6. Let's get our awesome project going! Load this code for our OLED Awesome Meter program: https://makecode.microbit.org/_4whF69UAP...
    • Let's get our awesome project going! Load this code for our OLED Awesome Meter program: https://makecode.microbit.org/_4whF69UAP...

    • Once the code is loaded to your micro:bit it should start running right away... prepare to be awesome!

    • The code may look a little complex, but this is due to wanting things to line up when we change from 1 digit (0-9) to 2 digits (10-99) to 3 digits (100).

    • We set a variable named offset and then use it to adjust where it starts displaying the number. Then we just check the awesome variable with some if/else statements and adjust the offset variable accordingly.

  7. Turn the potentiometer and you can see how AwEsOmE you are... 10%? 33%? Or maybe you are 100% Awesome!!! If you turn the potentiometer clockwise and you become less awesome, just lift it from your circuit, rotate it 180 degrees, and put it back in place. (Connecting it backwards means it will decrease instead of increase when turned clockwise.)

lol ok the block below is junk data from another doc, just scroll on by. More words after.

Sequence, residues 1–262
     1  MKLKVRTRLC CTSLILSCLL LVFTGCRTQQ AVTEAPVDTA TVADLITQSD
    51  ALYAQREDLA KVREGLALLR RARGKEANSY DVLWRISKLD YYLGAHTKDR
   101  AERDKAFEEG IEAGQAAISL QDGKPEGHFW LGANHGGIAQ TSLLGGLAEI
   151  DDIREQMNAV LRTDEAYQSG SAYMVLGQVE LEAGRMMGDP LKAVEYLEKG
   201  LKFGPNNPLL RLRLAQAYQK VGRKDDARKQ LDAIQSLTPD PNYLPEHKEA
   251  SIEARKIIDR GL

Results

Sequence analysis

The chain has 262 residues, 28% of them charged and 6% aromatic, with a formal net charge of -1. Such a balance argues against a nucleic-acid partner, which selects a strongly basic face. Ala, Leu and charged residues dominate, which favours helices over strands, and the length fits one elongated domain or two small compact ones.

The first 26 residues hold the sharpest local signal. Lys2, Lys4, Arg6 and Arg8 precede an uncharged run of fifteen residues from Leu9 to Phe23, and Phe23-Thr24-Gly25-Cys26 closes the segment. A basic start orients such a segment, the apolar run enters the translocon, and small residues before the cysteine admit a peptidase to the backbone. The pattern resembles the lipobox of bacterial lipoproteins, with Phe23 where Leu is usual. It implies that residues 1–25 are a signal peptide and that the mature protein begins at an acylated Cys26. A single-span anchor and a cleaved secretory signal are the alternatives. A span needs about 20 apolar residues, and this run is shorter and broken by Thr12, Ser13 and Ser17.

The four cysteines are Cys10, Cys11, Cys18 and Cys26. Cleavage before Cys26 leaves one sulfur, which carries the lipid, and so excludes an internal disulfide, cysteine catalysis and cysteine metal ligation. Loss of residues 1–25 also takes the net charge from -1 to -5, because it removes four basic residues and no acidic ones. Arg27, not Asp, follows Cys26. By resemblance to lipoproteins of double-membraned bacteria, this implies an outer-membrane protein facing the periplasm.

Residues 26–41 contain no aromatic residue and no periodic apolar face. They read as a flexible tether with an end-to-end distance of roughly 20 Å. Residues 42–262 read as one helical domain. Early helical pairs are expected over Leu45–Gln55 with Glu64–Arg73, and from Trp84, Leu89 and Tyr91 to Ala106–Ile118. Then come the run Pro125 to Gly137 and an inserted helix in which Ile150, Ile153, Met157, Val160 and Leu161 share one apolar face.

• Turn the potentiometer and you can see how AwEsOmE you are... 10%? 33%? Or maybe you are 100% Awesome!!!

    • If you turn the potentiometer clockwise and you become less awesome, just lift it from your circuit, rotate it 180 degrees, and put it back in place. (Connecting it backwards means it will decrease instead of increase when turned clockwise.)

  8. Hopefully you'll have fun determining how awesome you are, but your OLED Display can do a lot more! What else might you display? You could connect a Distance Sensor and then have the display show you how far away an object is...
    • Hopefully you'll have fun determining how awesome you are, but your OLED Display can do a lot more! What else might you display?

    • You could connect a Distance Sensor and then have the display show you how far away an object is...

    • You could connect a Temperature and Humidity Sensor and then display data on the small screen...

    • You could make a simple score keeping device for up to four players. Each player could have a button to increase their points and you could add a reset button to start a new game!

Finish Line

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Pete Prodoehl

Member since: 03/04/2020